As we all know, contact sports can be dangerous and put athletes at a risk for injury. Of these potential injuries, an ACL rupture is one of the more severe possibilities an athlete can suffer as they can cause them to be out of the game for quite a while depending on how well the rehabilitation process goes for the individual. However, these are not something we just have to accept as part of the game; approximately 80% of ACL injuries are non-contact thus can likely be prevented.
Injury prevention seems to have a boring connotation and isn’t typically something that athletes get particularly excited about including in their workouts; yet it is critical to increasing the longevity of athletic careers. When qualified coaches run athletes through movement assessments there are various warning signs that may put certain athletes at a higher risk for an ACL injury. The main red flag is an athlete that presents serious knee valgus (or when the knees fall inward). Imbalances in the kinetic chain along with coordination deficits can lead to compensations which, when left uncorrected, often turn into injuries. When these movements are noticed it’s crucial that the athlete begin a corrective exercise program prior to progressing to more complex and explosive movements. In these instances, a personalized corrective plan would be best so that the exercises can be specific towards the compensations seen in that individuals assessment.
Even when there are no serious warning signs presented in the individual assessments, ACL prevention can and should be implemented into workouts for groups of athletes or teams. There are many ways to incorporate these preventative exercises into a standard training plan, as long as coaches have an understanding of the basic aim of an ACL prevention plan. One important aspect to include is core strengthening since having a strong core can assist with balance and body control. Additionally, working on stability of the ankles and knees can help to insure stable landings. Instilling proper landing techniques is a big injury prevention step as this is training athletes to have good muscle memory habits as far as keeping the knees, hips, and ankles in line and controlling their center of gravity. Plyometrics with proper landing mechanics are proven to decrease incidence of ACL injuries. When implementing plyometric work it’s critical to understand that upon impact athletes are generating an extremely high amount of force that will be reverberated through their tendons, ligaments, and joints as they absorb the landing force. Being able to control this force is key and keeping in mind the landing isn’t always on two feet and coming straight down. Strengthening the major muscles evenly is also important, and not neglecting the glutes as they are a major mover that can assist in movement in every plane. Lastly, teaching athletes the proper way to cut and react to an action of stimulus is a big step to keeping them from hurting themselves even when there is no contact involved. Often this is where injuries such as ACL ruptures occur, as reacting in a game-like speed often creates sloppy movements with less body control which makes proprioception extremely critical.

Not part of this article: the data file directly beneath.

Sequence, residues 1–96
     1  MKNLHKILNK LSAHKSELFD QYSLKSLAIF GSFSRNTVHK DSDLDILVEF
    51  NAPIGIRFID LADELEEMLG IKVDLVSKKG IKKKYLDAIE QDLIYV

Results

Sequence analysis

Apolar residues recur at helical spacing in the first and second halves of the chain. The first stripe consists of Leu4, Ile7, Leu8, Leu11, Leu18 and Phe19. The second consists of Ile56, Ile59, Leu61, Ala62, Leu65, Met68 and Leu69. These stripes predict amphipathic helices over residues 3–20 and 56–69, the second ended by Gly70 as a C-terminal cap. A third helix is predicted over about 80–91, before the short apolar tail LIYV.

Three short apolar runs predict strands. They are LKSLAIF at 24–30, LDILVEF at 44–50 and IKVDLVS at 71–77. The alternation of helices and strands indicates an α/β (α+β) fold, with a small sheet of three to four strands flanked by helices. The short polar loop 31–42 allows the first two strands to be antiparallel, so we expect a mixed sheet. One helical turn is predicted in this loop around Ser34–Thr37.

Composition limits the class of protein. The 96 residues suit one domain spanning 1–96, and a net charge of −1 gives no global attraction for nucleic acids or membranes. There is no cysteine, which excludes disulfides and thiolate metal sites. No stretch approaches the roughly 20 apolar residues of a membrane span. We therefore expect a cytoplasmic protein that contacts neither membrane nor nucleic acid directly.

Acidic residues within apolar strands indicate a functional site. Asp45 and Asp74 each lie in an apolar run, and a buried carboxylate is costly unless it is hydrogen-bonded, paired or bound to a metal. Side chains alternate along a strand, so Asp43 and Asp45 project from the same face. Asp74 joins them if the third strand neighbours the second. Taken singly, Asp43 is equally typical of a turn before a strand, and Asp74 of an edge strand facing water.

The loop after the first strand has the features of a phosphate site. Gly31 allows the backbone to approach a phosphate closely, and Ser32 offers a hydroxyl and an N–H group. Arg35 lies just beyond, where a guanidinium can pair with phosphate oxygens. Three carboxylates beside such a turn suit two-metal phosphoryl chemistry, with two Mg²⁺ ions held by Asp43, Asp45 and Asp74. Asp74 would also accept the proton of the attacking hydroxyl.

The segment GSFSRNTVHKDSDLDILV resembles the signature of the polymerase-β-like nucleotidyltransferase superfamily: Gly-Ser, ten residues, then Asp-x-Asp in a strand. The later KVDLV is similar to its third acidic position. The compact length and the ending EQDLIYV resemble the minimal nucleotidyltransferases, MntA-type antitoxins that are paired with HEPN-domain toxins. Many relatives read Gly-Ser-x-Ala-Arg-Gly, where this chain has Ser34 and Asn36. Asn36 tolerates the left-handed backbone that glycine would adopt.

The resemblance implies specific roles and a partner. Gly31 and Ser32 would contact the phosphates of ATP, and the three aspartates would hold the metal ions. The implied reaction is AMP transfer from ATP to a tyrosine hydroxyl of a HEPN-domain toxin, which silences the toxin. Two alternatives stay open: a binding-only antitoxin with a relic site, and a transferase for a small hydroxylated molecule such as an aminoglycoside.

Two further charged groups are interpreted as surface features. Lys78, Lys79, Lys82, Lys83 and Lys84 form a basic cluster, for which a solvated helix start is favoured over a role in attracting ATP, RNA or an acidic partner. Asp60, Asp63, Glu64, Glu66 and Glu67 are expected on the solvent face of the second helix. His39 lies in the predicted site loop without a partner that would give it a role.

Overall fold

One of my personal favorite drills for this reaction adaption are cutting drills that proceed various plyometrics. Whether it’s a depth drop, squat jump, or hurdle hops; getting the athlete to focus on landing in a position where they are able to quickly and efficiently redirect their momentum into a sprint or cut really emphasizes good body control. This also trains quick twitch muscle fibers and reaction time, as these drills can be progressed by using various cues from the coach to direct the athletes next move. Whether by sound, touch, or sight; learning to react not only quickly but safely and efficiently can improve sports performance while simultaneously implementing injury prevention techniques.